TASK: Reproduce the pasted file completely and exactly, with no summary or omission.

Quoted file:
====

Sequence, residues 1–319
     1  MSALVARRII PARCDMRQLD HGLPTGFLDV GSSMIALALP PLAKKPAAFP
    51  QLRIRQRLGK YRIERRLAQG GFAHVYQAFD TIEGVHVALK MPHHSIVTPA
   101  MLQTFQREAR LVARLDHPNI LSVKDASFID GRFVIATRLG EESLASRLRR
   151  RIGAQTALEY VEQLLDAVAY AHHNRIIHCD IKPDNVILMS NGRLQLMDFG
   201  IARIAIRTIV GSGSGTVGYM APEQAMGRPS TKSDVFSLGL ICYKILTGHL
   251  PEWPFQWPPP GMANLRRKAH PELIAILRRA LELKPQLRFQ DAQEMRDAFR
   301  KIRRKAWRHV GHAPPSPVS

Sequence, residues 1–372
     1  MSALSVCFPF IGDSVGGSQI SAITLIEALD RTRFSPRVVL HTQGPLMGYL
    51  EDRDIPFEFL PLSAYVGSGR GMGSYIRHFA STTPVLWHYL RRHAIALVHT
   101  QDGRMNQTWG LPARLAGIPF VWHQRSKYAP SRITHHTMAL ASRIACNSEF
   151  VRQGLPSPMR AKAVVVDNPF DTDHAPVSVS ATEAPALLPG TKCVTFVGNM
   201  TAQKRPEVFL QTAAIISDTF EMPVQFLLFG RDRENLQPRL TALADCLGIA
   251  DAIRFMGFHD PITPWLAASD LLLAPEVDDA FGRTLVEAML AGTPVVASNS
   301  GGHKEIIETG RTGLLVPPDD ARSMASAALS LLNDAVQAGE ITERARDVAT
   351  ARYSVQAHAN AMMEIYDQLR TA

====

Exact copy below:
Sequence, residues 1–319
     1  MSALVARRII PARCDMRQLD HGLPTGFLDV GSSMIALALP PLAKKPAAFP
    51  QLRIRQRLGK YRIERRLAQG GFAHVYQAFD TIEGVHVALK MPHHSIVTPA
   101  MLQTFQREAR LVARLDHPNI LSVKDASFID GRFVIATRLG EESLASRLRR
   151  RIGAQTALEY VEQLLDAVAY AHHNRIIHCD IKPDNVILMS NGRLQLMDFG
   201  IARIAIRTIV GSGSGTVGYM APEQAMGRPS TKSDVFSLGL ICYKILTGHL
   251  PEWPFQWPPP GMANLRRKAH PELIAILRRA LELKPQLRFQ DAQEMRDAFR
   301  KIRRKAWRHV GHAPPSPVS

Sequence, residues 1–372
     1  MSALSVCFPF IGDSVGGSQI SAITLIEALD RTRFSPRVVL HTQGPLMGYL
    51  EDRDIPFEFL PLSAYVGSGR GMGSYIRHFA STTPVLWHYL RRHAIALVHT
   101  QDGRMNQTWG LPARLAGIPF VWHQRSKYAP SRITHHTMAL ASRIACNSEF
   151  VRQGLPSPMR AKAVVVDNPF DTDHAPVSVS ATEAPALLPG TKCVTFVGNM
   201  TAQKRPEVFL QTAAIISDTF EMPVQFLLFG RDRENLQPRL TALADCLGIA
   251  DAIRFMGFHD PITPWLAASD LLLAPEVDDA FGRTLVEAML AGTPVVASNS
   301  GGHKEIIETG RTGLLVPPDD ARSMASAALS LLNDAVQAGE ITERARDVAT
   351  ARYSVQAHAN AMMEIYDQLR TA